Feb
07
2019
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Gong.io nabs $40M investment to enhance CRM with voice recognition

With traditional CRM tools, sales people add basic details about the companies to the database, then a few notes about their interactions. AI has helped automate some of that, but Gong.io wants to take it even further using voice recognition to capture every word of every interaction. Today, it got a $40 million Series B investment.

The round was led by Battery Ventures, with existing investors Norwest Venture Partners, Shlomo Kramer, Wing Venture Capital, NextWorld Capital and Cisco Investments also participating. Battery general partner Dharmesh Thakker will join the startup’s board under the terms of the deal. Today’s investment brings the total raised so far to $68 million, according to the company.

Indeed, $40 million is a hefty Series B, but investors see a tool that has the potential to have a material impact on sales, or at least give management a deeper understanding of why a deal succeeded or failed using artificial intelligence, specifically natural language processing.

Company co-founder and CEO Amit Bendov says the solution starts by monitoring all customer-facing conversation and giving feedback in a fully automated fashion. “Our solution uses AI to extract important bits out of the conversation to provide insights to customer-facing people about how they can get better at what they do, while providing insights to management about how staff is performing,” he explained. It takes it one step further by offering strategic input like how your competitors are trending or how are customers responding to your products.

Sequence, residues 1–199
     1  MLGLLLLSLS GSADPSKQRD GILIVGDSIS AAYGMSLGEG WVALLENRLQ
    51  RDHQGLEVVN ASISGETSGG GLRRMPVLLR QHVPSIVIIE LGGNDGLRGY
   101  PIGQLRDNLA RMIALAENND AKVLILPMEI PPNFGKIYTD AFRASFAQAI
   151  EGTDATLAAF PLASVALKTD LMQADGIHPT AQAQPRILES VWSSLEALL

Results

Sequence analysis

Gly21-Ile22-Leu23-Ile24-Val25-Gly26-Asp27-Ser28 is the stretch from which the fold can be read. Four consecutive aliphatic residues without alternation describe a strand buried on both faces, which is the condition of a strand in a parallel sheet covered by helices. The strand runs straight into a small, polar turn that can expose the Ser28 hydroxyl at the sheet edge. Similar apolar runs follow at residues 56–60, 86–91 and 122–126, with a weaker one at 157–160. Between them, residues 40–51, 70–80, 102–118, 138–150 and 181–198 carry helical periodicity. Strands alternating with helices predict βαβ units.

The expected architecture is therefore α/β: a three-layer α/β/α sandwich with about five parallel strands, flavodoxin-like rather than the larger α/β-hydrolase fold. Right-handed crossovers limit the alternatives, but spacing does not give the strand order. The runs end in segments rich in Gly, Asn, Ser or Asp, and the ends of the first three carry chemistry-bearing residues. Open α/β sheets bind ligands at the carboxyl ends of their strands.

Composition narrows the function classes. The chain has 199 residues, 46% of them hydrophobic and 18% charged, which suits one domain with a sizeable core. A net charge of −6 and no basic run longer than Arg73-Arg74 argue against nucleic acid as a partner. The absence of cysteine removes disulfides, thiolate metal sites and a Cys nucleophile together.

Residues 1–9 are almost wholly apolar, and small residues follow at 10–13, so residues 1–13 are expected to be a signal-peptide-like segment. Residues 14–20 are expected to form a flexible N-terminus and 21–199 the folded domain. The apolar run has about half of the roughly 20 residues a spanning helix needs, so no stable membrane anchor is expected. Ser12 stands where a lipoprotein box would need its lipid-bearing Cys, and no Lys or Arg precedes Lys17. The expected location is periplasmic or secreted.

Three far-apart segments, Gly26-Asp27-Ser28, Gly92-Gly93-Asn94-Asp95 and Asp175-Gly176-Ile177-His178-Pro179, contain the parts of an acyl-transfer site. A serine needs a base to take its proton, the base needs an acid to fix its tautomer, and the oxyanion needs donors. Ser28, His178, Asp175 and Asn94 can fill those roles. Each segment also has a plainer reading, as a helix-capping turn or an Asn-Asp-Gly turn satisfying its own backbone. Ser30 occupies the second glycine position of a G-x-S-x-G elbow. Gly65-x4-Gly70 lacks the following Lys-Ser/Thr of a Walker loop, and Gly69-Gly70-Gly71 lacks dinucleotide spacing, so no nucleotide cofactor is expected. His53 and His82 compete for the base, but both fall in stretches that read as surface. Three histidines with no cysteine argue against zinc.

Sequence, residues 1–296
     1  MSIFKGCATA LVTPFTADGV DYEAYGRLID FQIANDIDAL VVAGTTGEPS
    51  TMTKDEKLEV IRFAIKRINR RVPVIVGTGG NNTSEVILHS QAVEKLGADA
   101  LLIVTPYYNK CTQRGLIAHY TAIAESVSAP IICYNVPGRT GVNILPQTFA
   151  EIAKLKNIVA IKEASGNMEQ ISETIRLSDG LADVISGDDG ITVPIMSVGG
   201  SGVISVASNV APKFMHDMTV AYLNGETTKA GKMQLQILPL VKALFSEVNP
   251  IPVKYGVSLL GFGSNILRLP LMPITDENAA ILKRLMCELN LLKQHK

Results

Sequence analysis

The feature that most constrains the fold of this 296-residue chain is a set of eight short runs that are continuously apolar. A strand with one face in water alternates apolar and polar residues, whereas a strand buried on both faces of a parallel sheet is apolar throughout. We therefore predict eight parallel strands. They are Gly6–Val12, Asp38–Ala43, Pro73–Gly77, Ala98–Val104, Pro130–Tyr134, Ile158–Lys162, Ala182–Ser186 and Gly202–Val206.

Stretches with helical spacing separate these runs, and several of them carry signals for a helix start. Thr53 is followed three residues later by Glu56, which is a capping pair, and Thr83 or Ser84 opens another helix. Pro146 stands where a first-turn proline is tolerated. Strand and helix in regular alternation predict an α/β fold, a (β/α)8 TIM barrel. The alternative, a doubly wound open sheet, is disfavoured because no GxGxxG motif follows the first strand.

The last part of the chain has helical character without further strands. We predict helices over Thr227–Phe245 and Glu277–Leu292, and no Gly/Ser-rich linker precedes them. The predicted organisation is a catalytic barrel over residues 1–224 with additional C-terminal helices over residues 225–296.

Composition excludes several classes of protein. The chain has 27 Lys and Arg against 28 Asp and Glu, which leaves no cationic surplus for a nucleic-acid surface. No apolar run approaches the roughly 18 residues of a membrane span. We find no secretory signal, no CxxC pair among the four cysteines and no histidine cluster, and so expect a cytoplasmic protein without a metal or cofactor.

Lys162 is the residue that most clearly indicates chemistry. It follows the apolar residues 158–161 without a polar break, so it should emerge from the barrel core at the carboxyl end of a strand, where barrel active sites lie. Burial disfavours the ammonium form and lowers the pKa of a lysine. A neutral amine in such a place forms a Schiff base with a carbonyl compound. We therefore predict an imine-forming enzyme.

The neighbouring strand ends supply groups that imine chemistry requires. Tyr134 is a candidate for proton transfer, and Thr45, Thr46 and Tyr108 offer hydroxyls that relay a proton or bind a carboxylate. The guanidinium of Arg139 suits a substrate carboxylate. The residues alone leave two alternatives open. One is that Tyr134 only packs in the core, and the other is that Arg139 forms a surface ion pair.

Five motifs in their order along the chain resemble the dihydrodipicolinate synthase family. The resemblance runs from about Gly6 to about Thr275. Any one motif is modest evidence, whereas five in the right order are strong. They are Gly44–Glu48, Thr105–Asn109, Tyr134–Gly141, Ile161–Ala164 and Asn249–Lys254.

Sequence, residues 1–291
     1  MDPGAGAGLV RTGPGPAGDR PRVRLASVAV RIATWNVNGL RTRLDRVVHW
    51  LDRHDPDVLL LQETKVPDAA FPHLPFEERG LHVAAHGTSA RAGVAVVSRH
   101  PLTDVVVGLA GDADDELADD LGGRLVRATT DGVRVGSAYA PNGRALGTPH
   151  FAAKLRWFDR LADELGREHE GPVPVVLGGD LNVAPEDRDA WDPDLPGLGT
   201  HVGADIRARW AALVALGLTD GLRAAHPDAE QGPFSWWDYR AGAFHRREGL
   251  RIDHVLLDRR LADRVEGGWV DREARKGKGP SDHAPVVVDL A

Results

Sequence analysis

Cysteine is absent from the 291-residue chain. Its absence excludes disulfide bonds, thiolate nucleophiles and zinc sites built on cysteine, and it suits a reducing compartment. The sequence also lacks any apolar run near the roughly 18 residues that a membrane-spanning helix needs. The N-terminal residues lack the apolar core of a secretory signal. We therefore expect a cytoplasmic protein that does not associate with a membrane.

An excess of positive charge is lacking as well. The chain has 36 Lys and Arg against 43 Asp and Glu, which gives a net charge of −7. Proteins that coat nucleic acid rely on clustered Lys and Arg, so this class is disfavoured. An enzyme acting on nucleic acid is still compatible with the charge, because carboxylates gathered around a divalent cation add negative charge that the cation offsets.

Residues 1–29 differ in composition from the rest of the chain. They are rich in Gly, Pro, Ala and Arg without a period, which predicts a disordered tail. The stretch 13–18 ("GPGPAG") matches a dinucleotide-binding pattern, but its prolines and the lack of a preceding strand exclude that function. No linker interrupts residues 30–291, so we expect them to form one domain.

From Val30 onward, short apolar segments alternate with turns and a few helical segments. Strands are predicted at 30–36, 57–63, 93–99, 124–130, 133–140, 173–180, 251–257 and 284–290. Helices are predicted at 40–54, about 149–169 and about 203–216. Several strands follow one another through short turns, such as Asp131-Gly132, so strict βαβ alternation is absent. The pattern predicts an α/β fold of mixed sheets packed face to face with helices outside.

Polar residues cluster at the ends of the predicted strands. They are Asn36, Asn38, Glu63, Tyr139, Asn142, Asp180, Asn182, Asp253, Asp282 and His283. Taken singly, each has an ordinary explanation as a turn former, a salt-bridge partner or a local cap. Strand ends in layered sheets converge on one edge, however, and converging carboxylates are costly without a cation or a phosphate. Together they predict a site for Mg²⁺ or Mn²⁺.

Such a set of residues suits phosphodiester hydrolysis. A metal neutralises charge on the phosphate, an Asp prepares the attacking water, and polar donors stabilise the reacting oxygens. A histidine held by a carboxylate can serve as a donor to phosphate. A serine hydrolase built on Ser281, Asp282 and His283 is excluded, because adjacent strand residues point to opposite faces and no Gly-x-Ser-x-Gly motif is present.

Screenshot: Gong.io

Bendov says he started the company because he has had this experience at previous startups where he wants to know more about why he lost a sale, but there was no insight from looking at the data in the CRM database. “CRM could tell you what customers you have, how many sales you’re making, who is achieving quota or not, but never give me the information to rationalize and improve operations,” he said.

The company currently has 350 customers, a number that has more than tripled since the end of 2017 when it had 100. He says it’s not only that it’s adding new customers, existing ones are expanding, and he says that there is almost zero churn.

Today, Gong has 120 employees, with headquarters in San Francisco and a 55-person R&D team in Israel. Bendov expects the number of employees to double over the next year with the new influx of money to keep up with the customer growth.

Sep
19
2018
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Einstein Voice gives Salesforce users gift of gab

Salespeople usually spend their days talking. They are on the phone and in meetings, but when it comes to updating Salesforce, they are back at the keyboard again typing notes and milestones, or searching for metrics about their performance. Today, Salesforce decided to change that by introducing Einstein Voice, a bit of AI magic that allows salespeople to talk to the program instead of typing.

In a world where Amazon Alexa and Siri make talking to our devices more commonplace in our non-work lives, it makes sense that companies are trying to bring that same kind of interaction to work.